Stocks got rocked (-1.6%) and bonds (after starting the day weak) ended with marginal gains. Why is that interesting? Well, after rallying for two days and erasing much of the selloff from Tuesday through Thursday of last week, it sure looked Monday like another setup in which panicky buyers, afraid of missing the boat, would take the market to new highs.
Another 1.6% decline was really not in the playbook.
The economic data was solid, with ISM coming in at 61.4, slightly above the consensus expectations for 61.0 but probably slightly below the upward revisions that economists made after Chicago PM was strong.
But energy prices rallied again, with Crude futures +3.4% and front Unleaded up a whopping 9.2%. (Yesterday I suggested tongue-in-cheek that the Iraqi refinery outage which happened over the weekend would be traded on Wednesday. I underestimated energy traders as it only took until Tuesday!) The gasoline spike takes the front contract over $3/gallon. It is hard to believe that back in 2008, the peak was only at $3.631 – we have come a long way back! As a reminder, back then the year-on-year rise in headline CPI got to 5.6%, although to be sure that was with housing also contributing 2.5% instead of one-fifth of that.
The weird part of all of this is that current geopolitical events should only be surprising if you were living in a fantasy world in which only what you saw on TV was reality. But the existence of “reality TV” doesn’t imply that everything not on TV is not real, does it? Investors acted with surprise when an Egyptian paper reported that the Saudis were sending tanks to help quell riots in Bahrain. Really? Is it shocking that Bahrain would ask for materiel, or that the Saudis would supply it?
Investors seem surprised that the U.S. and Britain are considering establishing a no-fly zone in Libya to support the anti-government forces. It seems that the market’s tacit assumption up until now was that the Middle Eastern turmoil wouldn’t directly affect western nations except indirectly through the oil price (and our leaders pooh-poohed the loss of Libyan oil, so what is there to worry about?). Really? It’s not exactly a new idea that a wider conflict in that region could draw in western allies. I think the idea is a bit more than 900 years old. I even think Nostradamus suggested obliquely that WW3 would start this way. Speaking of world wars, don’t forget that some of WW2 was fought on the sand as well: Rommel’s first offensive in 1941 started in Libya. So…I’m not predicting a world war; I’m just observing that it shouldn’t be terribly shocking that the First World is being sucked in, since that intersection has been busy for the last millennium or so…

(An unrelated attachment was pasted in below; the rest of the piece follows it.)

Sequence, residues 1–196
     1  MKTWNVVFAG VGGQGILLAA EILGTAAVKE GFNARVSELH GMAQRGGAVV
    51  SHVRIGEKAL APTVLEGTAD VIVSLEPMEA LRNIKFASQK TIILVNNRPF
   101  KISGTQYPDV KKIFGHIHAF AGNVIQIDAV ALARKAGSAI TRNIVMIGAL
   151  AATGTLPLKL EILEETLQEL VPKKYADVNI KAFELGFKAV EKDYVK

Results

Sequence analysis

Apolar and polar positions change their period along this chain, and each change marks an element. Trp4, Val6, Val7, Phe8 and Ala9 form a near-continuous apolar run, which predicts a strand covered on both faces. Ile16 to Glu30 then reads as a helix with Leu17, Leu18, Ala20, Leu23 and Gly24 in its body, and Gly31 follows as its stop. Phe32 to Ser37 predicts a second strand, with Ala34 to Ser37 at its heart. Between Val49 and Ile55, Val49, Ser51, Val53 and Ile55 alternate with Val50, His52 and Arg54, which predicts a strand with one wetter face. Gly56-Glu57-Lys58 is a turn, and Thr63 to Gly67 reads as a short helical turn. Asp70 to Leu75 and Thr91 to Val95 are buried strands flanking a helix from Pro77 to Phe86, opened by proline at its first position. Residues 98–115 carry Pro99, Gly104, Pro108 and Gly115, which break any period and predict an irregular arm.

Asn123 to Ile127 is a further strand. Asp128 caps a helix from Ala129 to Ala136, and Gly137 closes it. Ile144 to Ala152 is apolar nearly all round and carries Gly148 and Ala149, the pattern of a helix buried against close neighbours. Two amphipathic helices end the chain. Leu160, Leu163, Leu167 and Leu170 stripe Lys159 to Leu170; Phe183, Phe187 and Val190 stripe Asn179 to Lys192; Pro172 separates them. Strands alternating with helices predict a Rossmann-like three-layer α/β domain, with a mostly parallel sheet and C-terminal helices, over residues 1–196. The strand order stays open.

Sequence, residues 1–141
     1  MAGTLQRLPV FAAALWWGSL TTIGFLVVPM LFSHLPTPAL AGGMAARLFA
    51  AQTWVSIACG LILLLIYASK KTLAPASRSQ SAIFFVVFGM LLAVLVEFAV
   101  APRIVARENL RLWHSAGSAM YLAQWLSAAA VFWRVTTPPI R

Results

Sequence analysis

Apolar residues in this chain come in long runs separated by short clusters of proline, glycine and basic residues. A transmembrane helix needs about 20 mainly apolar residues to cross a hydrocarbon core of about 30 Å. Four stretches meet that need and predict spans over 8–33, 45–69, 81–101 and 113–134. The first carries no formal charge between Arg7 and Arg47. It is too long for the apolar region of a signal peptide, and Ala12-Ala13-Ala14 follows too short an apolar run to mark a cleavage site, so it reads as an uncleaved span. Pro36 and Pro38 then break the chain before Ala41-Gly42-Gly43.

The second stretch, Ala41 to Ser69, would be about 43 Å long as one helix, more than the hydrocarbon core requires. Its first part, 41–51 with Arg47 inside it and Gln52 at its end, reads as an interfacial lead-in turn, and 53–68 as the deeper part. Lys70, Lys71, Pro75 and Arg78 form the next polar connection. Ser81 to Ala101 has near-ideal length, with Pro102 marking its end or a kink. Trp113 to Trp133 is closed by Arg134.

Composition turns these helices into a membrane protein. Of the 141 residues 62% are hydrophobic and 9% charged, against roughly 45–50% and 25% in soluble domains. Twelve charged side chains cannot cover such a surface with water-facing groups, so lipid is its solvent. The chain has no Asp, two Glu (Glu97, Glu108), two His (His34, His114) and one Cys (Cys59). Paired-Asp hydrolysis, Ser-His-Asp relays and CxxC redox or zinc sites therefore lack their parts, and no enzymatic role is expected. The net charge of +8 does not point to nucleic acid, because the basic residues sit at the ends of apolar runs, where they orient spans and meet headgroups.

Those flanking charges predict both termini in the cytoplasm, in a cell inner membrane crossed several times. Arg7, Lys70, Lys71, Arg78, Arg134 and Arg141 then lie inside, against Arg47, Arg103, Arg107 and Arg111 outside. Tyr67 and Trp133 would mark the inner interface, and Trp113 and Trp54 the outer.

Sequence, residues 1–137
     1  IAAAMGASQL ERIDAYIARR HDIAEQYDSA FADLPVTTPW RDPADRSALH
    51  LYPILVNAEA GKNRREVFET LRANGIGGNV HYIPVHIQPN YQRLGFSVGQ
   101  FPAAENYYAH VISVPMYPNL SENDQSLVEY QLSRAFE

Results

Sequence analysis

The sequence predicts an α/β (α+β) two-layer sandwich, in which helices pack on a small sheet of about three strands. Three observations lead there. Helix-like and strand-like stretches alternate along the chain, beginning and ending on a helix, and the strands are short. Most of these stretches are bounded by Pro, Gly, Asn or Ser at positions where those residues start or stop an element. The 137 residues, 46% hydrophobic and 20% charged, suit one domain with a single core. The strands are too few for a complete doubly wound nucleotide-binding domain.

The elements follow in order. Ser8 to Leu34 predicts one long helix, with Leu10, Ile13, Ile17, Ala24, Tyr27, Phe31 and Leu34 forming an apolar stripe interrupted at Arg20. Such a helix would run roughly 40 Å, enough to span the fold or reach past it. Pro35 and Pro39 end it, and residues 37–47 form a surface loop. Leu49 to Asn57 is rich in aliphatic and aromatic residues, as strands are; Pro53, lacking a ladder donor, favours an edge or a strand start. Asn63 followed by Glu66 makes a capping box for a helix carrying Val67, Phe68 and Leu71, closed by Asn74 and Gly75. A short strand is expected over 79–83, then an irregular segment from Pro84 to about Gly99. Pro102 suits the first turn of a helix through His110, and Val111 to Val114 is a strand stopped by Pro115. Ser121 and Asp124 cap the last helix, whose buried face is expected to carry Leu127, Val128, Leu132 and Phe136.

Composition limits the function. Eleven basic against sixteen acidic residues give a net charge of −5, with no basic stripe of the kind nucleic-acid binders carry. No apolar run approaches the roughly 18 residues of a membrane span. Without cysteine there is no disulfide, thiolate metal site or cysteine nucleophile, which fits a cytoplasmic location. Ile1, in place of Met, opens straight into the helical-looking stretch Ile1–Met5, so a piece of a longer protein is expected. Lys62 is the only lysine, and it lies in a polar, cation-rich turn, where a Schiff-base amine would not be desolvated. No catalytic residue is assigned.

In theory, all of the likely and somewhat-likely events are supposed to be already discounted in the market. Stocks and bonds at these levels should fully discount the fairly high likelihood that conflicts in Tunisia, Egypt, Bahrain, Libya, Yemen, and other countries will not pass away with no impact. Asset prices should incorporate the somewhat-likely possibility that American machines and marines will end up being involved in some way. I’m not sure that these things are in fact being discounted. In fact, I would suggest that they are very likely not being so.
Last June, I wrote what I thought was a very useful piece about how to think about sizing trading bets under crisis situations. Quoting from that piece which said, in the context of the 2008 crisis:
The relevance here is as follows: when a crisis hits, two things are happening to you as an equity investor. First, you are becoming more confident that the market will reward you for buying when everyone else is selling, because (as noted above) unless the world actuallydoes end you are likely to be getting a good price. Second, though, you need to recognize that the increasing chance of debacle implies a worse payoff. In April of 2008, the chances of losing everything the next day were pretty slim. In mid-September 2008, the chances were appreciable that a bunch of your portfolio might be in trouble. So your edge (confidence in winning, if the bet was repeated a bunch of times) was growing, but your odds (payoff if you win, relative to your loss if you don’t) were worsening.